At home I knew it was summer not because it was sunny and warm out but because the sounds of Phil Rizzuto saying "HOLY COW...." would fill the living room on a regular basis. The game was always on.

When I was older my dad and I went to a game by ourselves and I remember arriving late to the ballpark and being worried about missing the first pitch because we wouldn't be able to find parking. But right as we arrived to the stadium a police office moved his car so we could park on the sidewalk and told us he would keep an eye on the car and we wouldn't have any problems. When does that ever happen!?!  We arrived in time for the first pitch, enjoyed the game and got in the car to go home right as it started to rain. It was a perfectly timed day.

When I moved to Boston to attend college I was forced to pay attention to the Yanks like I never had to before. Defending the Yanks was an everyday necessity. On the bus, at the super market, walking down the street, at the laundry mat and everywhere in between I had to have the stats to back up why the Yanks were better. Why Jeter was better than Nomar. Why the Yanks would win the division. Phone conversations with my dad always included Yankee talk and a game didn't go by (when they were on in Boston) without several calls to or from dad.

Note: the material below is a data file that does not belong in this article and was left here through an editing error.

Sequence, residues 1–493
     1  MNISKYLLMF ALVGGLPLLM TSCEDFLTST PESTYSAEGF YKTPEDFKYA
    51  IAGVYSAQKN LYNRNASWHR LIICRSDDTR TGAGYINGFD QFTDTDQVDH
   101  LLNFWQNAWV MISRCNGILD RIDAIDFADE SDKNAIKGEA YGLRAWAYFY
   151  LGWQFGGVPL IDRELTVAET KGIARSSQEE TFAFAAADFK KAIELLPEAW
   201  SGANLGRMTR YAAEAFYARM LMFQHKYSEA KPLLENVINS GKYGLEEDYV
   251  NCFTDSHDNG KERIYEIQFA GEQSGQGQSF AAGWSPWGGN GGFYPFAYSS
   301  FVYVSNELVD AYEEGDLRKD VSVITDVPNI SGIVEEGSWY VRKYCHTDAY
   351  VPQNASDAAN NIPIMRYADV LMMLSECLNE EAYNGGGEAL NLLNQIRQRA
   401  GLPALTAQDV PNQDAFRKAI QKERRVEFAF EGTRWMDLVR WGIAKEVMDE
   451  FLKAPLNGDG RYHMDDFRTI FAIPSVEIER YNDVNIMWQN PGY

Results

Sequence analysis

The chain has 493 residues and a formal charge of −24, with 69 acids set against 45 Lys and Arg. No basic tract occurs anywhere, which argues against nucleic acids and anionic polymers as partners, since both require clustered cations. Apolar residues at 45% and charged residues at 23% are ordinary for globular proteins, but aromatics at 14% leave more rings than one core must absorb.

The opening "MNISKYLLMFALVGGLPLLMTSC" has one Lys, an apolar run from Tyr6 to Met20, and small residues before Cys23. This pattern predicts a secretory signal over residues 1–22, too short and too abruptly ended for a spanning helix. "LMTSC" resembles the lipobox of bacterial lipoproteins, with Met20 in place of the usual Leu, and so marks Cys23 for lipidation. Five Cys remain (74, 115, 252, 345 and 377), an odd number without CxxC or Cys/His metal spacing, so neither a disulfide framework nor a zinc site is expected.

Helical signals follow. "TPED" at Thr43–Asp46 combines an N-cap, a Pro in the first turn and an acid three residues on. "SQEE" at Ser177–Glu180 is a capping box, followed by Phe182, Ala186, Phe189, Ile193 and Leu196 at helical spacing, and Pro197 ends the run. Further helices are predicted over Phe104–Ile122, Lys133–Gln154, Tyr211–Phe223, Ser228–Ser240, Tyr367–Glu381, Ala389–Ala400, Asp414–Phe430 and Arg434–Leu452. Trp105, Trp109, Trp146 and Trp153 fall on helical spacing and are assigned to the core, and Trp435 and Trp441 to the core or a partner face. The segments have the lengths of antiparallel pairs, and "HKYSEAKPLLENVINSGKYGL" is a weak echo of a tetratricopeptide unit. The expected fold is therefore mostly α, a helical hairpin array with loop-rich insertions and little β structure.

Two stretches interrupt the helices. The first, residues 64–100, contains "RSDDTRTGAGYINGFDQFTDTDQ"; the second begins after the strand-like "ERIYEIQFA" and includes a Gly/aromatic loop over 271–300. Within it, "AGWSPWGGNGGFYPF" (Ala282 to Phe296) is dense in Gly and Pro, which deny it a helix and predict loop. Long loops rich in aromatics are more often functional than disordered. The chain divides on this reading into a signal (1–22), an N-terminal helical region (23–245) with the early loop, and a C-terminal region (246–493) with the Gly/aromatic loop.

And if the stats failed I could always justify being a Yankee fan by saying "I grew up in NY. My dad is from the Bronx and worked at the stadium in the 60s". And that somehow made it all ok. It made it legitimate. The blood line had been passed down and I was a true Yankee fan, not because I chose to be, or was force to be, but because it was who I was.  It is who my dad is, will always be. Huge Yankee fan. Best dad ever.